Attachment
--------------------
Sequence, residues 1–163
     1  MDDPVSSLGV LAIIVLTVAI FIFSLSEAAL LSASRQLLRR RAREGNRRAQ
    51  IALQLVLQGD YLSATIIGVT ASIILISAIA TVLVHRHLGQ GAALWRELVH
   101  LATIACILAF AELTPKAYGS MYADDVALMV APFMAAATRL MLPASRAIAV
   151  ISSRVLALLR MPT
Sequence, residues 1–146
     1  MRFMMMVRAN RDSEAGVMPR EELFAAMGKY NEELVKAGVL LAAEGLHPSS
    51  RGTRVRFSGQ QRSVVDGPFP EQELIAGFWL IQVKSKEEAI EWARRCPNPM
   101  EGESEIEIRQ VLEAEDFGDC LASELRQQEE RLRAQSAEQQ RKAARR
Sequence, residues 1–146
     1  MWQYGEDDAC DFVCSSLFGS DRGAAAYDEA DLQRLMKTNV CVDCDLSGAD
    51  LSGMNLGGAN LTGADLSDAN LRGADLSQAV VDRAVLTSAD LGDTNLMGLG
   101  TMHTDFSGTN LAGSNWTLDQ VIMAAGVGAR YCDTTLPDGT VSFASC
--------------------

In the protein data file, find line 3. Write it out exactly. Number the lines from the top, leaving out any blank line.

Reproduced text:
    51  IALQLVLQGD YLSATIIGVT ASIILISAIA TVLVHRHLGQ GAALWRELVH